India Scrambles For Plan D As Stocks, Currency Resume Collapse
After a modestly weak start, India's FX and stock markets accelerated lower overnight in the currency's second biggest daily collapse in 17 years, and stocks second biggest daily plunge in 2 years. Rubbing further salt into an already gaping wound of capital outflows, S&P re-iterated its downgrade threat overnight following India dismal PMI print and this appears to have pushed the Indian government to Plan D. Following the failure to halt outflows of Plan A (status quo and blame it on the Fed/Speculators), Plan B (well something is up so 'capital controls' on FX and tariffs on gold), Plan C (that's not working so let's confiscate people's gold), the Indian government is trial-ballooning Plan D - ditch the USD for trade-payments (especially oil which is up 50% in INR terms in 4 months).
Just when you thought it was safe to dip your fast-money toe back into Emerging markets...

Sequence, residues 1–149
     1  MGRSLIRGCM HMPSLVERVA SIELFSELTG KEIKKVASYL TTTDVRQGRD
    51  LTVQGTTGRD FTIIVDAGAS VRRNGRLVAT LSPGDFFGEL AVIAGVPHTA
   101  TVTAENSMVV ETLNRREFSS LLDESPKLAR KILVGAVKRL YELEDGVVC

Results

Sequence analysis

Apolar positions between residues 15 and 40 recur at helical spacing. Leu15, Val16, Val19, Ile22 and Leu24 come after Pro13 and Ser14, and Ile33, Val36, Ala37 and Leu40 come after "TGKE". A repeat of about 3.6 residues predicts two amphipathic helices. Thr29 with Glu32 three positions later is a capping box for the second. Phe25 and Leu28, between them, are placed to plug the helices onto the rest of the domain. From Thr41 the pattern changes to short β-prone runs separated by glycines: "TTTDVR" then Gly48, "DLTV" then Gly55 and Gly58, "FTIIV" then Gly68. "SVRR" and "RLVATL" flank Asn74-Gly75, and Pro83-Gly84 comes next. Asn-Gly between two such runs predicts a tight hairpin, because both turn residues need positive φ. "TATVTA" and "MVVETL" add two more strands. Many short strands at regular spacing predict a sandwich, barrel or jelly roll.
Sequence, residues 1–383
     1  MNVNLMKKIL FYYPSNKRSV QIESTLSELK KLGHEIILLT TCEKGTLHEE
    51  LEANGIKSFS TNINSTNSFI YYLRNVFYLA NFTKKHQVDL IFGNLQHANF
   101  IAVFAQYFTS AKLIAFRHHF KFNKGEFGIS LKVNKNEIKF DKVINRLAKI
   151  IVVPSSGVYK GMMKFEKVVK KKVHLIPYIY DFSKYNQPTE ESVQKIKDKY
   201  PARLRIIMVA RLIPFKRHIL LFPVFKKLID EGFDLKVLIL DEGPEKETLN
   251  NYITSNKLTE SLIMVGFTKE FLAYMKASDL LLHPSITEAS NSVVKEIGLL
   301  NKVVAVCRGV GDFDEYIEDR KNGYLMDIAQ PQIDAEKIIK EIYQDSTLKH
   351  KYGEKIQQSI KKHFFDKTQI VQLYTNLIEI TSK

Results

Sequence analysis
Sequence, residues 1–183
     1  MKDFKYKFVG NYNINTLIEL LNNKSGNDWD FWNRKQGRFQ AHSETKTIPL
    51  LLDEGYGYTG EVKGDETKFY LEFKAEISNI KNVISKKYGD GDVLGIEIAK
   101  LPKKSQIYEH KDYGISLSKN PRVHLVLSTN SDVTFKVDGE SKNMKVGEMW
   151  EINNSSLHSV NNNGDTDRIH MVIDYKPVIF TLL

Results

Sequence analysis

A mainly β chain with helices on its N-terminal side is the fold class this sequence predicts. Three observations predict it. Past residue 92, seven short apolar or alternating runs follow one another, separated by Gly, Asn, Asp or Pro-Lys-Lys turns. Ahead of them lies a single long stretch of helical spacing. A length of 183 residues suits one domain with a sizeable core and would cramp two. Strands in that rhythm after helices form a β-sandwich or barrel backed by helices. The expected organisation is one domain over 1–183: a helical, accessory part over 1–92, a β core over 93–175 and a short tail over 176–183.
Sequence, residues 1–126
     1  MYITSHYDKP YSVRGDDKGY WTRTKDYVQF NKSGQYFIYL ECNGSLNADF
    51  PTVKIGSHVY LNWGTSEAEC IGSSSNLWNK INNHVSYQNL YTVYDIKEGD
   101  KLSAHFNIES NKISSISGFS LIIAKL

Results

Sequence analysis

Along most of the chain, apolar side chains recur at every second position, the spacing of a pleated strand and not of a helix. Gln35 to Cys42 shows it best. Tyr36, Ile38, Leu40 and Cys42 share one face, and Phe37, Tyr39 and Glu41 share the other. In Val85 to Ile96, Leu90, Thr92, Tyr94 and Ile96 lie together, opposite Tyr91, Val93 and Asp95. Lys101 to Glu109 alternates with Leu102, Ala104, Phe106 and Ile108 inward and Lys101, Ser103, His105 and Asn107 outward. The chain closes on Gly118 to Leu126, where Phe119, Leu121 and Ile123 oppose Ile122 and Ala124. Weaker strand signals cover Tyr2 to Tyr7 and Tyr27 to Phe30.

Last night's INR collapse was dramatic to say the least as was the stock market's 3.8% collapse...
and 1-month forwards are pointing to things getting a lot worse before they get better as the divergence grows... 1-month INR forwards are trading at 69 - their highest (weakest INR) ever
India is exploring possibilities of a rupee-based trade-payment mechanism with several countries, Foreign Minister Salman Khurshid said Tuesday, a move that may help stabilize the local currency and reduce the country's current-account deficit.
India already has a rupee-based payment mechanism with Iran, which was worked out by New Delhi and Tehran to skirt Western sanctions against Iran. Under that, Iranian oil would be purchased with Indian rupees, which Iran would use to buy Indian goods, which include food, drugs, consumer products and auto parts.
India imports more than three-fourths of the crude oil it requires and a depreciating rupee has increased its energy costs in the local currency, adding to the government's fuel subsidies.
[the Rupee price of a barrel of Brent crude has spiked over 50% on th last four months]
"Our commerce [trade] minister is in touch with many countries. Let's see where it is possible," Mr. Khurshid told reporters here. "If it is possible, than it would be of help to us right now," he added.
Trade Minister Anand Sharma last month said his ministry was exploring a rupee-trade mechanism with Iraq, the country's second-largest supplier of crude, behind Saudi Arabia.
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